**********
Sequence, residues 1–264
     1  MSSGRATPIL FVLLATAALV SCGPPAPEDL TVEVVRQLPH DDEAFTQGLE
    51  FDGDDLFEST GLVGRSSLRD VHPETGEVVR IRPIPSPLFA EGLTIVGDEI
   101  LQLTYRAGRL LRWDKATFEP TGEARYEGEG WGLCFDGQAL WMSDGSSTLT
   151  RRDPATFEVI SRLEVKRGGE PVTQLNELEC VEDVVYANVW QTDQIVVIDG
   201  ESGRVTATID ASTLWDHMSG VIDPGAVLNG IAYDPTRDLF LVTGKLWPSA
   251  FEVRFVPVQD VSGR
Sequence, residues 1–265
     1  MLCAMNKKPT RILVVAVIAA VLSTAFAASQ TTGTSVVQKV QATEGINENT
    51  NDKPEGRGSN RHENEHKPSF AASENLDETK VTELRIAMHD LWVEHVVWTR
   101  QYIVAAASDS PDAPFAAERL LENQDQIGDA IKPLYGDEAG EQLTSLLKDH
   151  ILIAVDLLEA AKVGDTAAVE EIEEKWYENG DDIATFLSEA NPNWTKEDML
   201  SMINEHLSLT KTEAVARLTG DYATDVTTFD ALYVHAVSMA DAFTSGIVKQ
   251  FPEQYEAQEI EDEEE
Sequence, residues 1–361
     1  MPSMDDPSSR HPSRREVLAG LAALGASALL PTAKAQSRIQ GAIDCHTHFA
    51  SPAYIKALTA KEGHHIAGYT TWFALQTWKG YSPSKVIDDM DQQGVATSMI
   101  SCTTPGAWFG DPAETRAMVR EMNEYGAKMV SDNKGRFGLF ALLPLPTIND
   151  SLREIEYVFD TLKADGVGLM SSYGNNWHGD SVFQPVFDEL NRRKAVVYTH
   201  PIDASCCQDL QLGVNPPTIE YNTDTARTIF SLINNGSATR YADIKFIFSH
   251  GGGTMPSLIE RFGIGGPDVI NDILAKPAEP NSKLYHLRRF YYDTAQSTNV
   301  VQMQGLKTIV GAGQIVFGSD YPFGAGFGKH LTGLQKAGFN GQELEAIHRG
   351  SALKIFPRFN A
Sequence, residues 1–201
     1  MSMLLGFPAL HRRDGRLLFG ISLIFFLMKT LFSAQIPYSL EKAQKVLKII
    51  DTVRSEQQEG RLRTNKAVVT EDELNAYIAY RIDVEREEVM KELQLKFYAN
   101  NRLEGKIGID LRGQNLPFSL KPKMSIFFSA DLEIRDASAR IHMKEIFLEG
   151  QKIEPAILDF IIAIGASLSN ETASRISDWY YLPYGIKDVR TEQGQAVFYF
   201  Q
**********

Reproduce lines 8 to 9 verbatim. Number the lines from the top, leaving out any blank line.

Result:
Sequence, residues 1–265
     1  MLCAMNKKPT RILVVAVIAA VLSTAFAASQ TTGTSVVQKV QATEGINENT